Friday, July 22, 2011

Mass transit is a drop in America's transportation bucket

Objet : Re : A message from Congressman Levin
De : Lorraine Lee (u8ɔɥz@ʎɐɥoo.ɔɐ)
À :;
Cc : u8ɔɥz@ʎɐɥoo.ɔɐ;
Cci :
Date : Ven, 22 Jul 2011 22:47:22

I completely agree with you about the importance of strengthening our nation’s transportation systems. I was supportive of the appropriations bill for 2011 drafted by Congressman John Olver in the last Congress, which would have funded federal transportation programs at $500 billion over six years, and provided $3.9 billion above the President’s request for the Federal Highway Administration. These increased funds also would have allowed states to complete infrastructure projects while spurring the economy and creating tens of thousands of jobs. Further, this bill would increase public transportation funding by $508 million in order to help address the nearly $80 billion maintenance backlog that face our nation.

$508 million is just over a tenth of a percent of $500 billion; a literal drop in the bucket. I guess mass transit is the ugly stepsister in our transportation portfolio.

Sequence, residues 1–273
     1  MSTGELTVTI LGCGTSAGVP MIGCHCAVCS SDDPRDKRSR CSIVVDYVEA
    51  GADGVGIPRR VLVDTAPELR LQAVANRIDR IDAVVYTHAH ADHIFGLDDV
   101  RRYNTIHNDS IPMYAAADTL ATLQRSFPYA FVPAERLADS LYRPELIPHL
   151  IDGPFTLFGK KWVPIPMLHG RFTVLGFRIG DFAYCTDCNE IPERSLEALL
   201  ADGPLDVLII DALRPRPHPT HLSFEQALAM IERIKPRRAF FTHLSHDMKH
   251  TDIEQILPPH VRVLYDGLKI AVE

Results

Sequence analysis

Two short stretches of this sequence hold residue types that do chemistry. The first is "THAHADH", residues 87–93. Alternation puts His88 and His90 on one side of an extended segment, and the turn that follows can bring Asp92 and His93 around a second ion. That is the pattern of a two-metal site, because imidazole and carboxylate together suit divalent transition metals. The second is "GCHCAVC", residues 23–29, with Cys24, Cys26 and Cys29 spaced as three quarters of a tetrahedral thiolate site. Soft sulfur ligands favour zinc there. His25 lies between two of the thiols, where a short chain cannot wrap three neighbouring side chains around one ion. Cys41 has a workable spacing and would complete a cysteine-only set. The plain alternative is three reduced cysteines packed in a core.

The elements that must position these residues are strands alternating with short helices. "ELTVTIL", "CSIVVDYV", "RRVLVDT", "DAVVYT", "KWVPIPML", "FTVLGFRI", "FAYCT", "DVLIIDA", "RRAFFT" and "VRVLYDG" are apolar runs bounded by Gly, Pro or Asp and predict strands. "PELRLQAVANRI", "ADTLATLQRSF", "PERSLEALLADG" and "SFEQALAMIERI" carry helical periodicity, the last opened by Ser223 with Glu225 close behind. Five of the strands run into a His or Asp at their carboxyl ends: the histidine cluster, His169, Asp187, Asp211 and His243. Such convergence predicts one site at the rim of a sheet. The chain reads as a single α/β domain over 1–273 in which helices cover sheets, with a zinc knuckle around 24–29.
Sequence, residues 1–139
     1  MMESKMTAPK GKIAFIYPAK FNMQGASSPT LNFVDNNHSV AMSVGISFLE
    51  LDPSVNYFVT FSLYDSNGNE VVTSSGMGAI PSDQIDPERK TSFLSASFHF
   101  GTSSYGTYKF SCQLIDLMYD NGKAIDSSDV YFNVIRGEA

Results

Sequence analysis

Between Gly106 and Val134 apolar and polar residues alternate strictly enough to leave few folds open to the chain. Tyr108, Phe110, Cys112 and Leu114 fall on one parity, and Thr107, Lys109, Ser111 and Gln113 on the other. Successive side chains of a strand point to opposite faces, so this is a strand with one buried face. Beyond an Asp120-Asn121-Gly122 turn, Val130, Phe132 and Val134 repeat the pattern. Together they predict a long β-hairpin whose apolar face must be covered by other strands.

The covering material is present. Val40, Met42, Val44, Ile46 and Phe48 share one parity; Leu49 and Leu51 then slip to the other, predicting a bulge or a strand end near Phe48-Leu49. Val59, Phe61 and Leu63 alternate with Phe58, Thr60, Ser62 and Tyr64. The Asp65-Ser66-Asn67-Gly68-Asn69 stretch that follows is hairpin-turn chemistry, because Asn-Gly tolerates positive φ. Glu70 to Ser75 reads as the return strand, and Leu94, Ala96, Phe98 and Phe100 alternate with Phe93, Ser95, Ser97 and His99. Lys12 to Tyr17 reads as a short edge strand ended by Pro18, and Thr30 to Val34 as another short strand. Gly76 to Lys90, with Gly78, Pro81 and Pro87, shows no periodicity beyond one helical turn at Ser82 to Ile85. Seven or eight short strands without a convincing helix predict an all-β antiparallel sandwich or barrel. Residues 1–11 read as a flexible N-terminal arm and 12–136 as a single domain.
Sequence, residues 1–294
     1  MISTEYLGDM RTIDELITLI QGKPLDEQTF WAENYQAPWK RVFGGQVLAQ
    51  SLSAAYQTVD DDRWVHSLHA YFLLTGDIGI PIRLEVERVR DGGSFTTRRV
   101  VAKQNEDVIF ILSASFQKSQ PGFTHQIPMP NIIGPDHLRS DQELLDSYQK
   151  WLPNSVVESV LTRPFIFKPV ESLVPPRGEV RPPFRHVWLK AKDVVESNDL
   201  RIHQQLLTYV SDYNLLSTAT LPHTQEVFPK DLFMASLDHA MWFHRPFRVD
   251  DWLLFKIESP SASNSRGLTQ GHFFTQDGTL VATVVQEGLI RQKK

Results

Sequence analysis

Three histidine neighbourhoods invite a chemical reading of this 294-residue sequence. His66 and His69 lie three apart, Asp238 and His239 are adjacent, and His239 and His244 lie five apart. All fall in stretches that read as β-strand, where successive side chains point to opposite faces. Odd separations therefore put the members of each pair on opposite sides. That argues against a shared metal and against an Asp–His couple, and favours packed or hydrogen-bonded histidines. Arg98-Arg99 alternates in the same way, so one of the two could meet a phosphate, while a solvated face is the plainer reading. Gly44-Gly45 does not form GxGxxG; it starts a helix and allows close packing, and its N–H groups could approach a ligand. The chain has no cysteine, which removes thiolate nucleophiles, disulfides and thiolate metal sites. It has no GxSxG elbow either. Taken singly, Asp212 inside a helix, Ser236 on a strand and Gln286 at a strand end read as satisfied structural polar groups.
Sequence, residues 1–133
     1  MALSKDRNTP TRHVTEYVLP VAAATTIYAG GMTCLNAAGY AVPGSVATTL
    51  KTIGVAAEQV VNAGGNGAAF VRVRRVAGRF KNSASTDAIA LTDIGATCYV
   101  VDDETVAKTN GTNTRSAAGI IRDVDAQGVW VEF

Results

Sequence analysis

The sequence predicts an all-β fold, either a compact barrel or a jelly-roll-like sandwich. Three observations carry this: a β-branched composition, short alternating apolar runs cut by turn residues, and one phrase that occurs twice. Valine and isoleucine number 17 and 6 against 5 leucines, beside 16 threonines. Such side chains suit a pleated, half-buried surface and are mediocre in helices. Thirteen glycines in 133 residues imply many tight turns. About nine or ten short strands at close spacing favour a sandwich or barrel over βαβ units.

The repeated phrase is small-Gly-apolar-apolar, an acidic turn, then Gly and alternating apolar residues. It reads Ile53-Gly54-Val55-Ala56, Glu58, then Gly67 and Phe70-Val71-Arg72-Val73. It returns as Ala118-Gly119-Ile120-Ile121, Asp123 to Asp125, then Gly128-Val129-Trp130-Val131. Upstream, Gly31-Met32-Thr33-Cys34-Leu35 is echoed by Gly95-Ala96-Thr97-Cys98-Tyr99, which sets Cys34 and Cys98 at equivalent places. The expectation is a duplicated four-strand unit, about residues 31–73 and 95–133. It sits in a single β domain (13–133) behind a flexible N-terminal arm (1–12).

Thursday, July 14, 2011

Let's Save Michigan

The key to Michigan’s survival is redeveloping our cities so they will attract and retain today’s highly mobile, highly skilled workers. The people who can transform Michigan’s economy want to live in places where they can enjoy themselves—places with public transit, parks and recreation, good municipal services, and walkable downtowns filled with enticing restaurants, clubs, and stores. Why do so many talented professionals want to live in Chicago and New York and Minneapolis? It’s not for the weather. People are attracted to those places because of the lifestyles they allow and the opportunities they present.


Saturday, July 2, 2011

Sprawl fat cats still powerful

Detroits Sprawl King: Transit Expansion Plan Would Be a Job KillerThere seems to be a growing understandingin the Motor City that bikeability, walkability and improved transit service are imperative to remake the economy and reverse the city’s infamous urban decay. So much so that private investors have put forward much of the funding for the city’s new light rail line.